• Publication
    Multistable Phase Regulation for Robust Steady and Transitional Legged Gaits
    (2011-09-29) Haynes, G. C; Rizzi, Alfred A; Koditschek, Daniel E
    We develop robust methods that allow specification, control, and transition of a multi-legged robot’s stepping pattern—its gait—during active locomotion over natural terrain. Resulting gaits emerge through the introduction of controllers that impose appropriately-placed repellors within the space of gaits, the torus of relative leg phases, thereby mitigating against dangerous patterns of leg timing. Moreover, these repellors are organized with respect to a natural cellular decomposition of gait space and result in limit cycles with associated basins that are well characterized by these cells, thus conferring a symbolic character upon the overall behavioral repertoire. These ideas are particularly applicable to four- and six-legged robots, for which a large variety of interesting and useful (and, in many cases, familiar) gaits exist, and whose tradeoffs between speed and reliability motivate the desire for transitioning between them during active locomotion. We provide an empirical instance of this gait regulation scheme by application to a climbing hexapod, whose “physical layer” sensor-feedback control requires adequate grasp of a climbing surface but whose closed loop control perturbs the robot from its desired gait. We document how the regulation scheme secures the desired gait and permits operator selection of different gaits as required during active climbing on challenging surfaces.
  • Publication
    The Role of Reflexes Versus Central Pattern Generators
    (2002-01-01) Klavins, Eric; Komsuoglu, Haldun; Full, Robert J; Koditschek, Daniel E
    Animals execute locomotor behaviors and more with ease. They have evolved these breath-taking abilities over millions of years. Cheetahs can run, dolphins can swim and flies can fly like no artificial technology can. It is often argued that if human technology could mimic nature, then biological-like performance would follow. Unfortunately, the blind copying or mimicking of a part of nature [Ritzmann et al., 2000] does not often lead to the best design for a variety of reasons [Vogel, 1998]. Evolution works on the "just good enough" principle. Optimal designs are not the necessary end product of evolution. Multiple satisfactory solutions can result in similar performances. Animals do bring to our attention amazing designs, but these designs carry with them the baggage of their history. Moreover, natural design is constrained by factors that may have no relationship to human engineered designs. Animals must be able to grow over time, but still function along the way. Finally, animals are complex and their parts serve multiple functions, not simply the one we happen to examine. In short, in their daunting complexity and integrated function, understanding animal behaviors remains as intractable as their capabilities are tantalizing.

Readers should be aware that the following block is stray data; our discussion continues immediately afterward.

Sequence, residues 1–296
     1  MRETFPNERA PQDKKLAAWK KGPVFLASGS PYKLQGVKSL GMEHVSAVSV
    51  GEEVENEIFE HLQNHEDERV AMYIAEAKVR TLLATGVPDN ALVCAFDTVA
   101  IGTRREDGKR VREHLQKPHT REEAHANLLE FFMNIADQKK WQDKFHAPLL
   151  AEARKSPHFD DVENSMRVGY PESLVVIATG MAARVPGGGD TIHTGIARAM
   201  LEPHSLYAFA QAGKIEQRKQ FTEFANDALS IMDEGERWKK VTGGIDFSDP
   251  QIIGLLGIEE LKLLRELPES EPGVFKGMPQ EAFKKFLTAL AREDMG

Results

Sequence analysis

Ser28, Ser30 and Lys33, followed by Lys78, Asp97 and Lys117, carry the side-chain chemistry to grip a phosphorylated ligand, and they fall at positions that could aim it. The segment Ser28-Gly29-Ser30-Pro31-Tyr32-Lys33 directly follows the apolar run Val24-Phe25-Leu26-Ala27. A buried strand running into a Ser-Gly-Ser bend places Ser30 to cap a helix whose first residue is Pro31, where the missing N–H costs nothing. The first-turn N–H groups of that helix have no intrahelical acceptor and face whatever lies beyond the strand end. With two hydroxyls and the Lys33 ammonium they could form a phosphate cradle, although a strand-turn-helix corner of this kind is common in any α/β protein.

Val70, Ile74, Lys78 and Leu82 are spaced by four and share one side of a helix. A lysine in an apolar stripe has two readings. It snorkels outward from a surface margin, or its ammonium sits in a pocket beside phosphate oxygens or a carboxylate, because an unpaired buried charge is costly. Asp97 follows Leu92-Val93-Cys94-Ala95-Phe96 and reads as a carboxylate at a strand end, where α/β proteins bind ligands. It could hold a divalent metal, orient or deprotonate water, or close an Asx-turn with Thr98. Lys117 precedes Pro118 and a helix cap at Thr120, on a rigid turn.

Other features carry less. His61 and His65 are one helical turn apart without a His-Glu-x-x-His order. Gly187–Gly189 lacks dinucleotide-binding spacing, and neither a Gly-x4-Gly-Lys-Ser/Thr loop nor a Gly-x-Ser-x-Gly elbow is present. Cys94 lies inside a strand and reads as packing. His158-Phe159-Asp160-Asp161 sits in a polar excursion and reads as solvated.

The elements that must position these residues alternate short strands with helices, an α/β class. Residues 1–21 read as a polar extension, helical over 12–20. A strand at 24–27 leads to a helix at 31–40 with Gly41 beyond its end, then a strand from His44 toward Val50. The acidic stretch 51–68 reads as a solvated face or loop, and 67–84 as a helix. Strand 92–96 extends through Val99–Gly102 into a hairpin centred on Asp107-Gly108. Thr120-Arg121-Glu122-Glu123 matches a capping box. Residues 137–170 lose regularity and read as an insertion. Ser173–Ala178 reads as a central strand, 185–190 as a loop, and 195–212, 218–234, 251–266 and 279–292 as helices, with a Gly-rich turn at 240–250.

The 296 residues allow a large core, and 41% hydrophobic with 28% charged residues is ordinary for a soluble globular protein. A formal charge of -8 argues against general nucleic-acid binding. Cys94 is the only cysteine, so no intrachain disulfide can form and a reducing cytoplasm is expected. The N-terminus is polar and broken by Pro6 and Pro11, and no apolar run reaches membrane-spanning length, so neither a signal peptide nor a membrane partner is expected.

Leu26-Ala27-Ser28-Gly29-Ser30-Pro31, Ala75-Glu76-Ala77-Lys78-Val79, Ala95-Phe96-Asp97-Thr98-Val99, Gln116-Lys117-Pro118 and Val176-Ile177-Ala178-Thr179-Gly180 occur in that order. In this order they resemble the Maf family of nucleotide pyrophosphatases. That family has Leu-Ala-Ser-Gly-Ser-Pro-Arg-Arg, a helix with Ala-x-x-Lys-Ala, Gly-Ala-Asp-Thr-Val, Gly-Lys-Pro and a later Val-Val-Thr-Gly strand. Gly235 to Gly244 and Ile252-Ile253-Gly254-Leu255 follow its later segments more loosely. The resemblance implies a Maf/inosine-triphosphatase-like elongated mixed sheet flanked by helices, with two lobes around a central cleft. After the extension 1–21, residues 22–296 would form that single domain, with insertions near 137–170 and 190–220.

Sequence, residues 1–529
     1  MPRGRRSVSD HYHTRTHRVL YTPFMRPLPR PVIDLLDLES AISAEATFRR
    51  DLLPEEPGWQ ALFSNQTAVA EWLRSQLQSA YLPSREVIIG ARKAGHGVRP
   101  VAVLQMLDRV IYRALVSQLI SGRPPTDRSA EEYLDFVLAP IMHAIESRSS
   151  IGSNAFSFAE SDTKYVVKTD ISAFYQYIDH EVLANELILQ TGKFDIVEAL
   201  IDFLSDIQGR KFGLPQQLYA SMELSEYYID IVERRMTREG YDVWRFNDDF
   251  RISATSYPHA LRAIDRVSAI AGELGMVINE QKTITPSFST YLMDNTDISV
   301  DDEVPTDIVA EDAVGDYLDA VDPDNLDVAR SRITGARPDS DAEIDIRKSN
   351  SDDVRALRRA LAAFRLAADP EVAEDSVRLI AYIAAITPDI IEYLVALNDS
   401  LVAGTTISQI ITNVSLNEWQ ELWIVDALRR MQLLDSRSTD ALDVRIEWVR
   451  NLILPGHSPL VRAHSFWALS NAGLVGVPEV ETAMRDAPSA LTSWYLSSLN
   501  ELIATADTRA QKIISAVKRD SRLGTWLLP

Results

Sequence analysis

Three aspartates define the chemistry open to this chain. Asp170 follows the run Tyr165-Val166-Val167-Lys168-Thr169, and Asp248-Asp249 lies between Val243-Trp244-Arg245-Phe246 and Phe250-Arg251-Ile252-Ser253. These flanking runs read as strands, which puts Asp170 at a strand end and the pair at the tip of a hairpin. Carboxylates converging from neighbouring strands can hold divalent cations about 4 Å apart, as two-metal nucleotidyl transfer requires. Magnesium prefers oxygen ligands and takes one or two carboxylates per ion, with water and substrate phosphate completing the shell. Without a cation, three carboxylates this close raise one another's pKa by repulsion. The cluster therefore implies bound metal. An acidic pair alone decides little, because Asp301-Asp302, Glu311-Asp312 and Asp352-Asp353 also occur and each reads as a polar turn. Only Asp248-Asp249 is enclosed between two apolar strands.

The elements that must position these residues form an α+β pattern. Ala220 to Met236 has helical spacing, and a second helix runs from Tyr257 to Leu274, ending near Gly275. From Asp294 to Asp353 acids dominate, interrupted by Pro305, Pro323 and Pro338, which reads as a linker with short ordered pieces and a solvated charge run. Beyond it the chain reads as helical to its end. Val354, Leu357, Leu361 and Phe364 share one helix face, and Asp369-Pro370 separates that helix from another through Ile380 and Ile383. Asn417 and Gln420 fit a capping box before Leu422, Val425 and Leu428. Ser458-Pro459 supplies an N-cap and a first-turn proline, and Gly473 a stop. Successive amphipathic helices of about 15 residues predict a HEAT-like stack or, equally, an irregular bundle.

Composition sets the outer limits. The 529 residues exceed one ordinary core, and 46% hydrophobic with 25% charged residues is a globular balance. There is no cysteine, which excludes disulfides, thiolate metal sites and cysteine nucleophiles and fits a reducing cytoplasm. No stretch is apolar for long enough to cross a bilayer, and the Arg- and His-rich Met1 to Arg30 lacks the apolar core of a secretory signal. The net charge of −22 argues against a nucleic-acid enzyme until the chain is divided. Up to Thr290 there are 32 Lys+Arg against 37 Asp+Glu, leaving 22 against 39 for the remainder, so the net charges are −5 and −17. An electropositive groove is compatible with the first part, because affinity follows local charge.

• Publication
    EDAR - mobile robot for parts moving based on a game-theoretic approach
    (2002-01-31) Karagöz, Cem Serkan; Bozma, H. Isil; Koditschek, Daniel E
    EDAR (event-driven assembler robot) — a mobile robot capable of moving a collection of disk-shaped parts located on a two-dimensional workspace from an arbitrary initial configuration to a desired configuration while avoiding collisions in a purely reactive manner, is presented. Since EDAR uses a higher-level scheduler to switch among the subtasks of moving individual parts, it is viewed as mediating a noncooperative game played among the parts.